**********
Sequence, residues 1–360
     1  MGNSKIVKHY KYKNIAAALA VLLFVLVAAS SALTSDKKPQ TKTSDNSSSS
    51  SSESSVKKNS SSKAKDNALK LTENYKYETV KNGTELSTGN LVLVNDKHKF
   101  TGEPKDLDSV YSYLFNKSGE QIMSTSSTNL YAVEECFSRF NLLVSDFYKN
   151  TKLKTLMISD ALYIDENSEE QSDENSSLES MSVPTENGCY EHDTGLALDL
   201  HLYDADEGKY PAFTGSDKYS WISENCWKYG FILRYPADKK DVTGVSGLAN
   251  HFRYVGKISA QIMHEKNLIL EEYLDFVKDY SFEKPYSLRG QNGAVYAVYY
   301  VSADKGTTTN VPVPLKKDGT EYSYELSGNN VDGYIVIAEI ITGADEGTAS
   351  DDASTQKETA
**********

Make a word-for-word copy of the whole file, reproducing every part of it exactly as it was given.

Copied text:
Sequence, residues 1–360
     1  MGNSKIVKHY KYKNIAAALA VLLFVLVAAS SALTSDKKPQ TKTSDNSSSS
    51  SSESSVKKNS SSKAKDNALK LTENYKYETV KNGTELSTGN LVLVNDKHKF
   101  TGEPKDLDSV YSYLFNKSGE QIMSTSSTNL YAVEECFSRF NLLVSDFYKN
   151  TKLKTLMISD ALYIDENSEE QSDENSSLES MSVPTENGCY EHDTGLALDL
   201  HLYDADEGKY PAFTGSDKYS WISENCWKYG FILRYPADKK DVTGVSGLAN
   251  HFRYVGKISA QIMHEKNLIL EEYLDFVKDY SFEKPYSLRG QNGAVYAVYY
   301  VSADKGTTTN VPVPLKKDGT EYSYELSGNN VDGYIVIAEI ITGADEGTAS
   351  DDASTQKETA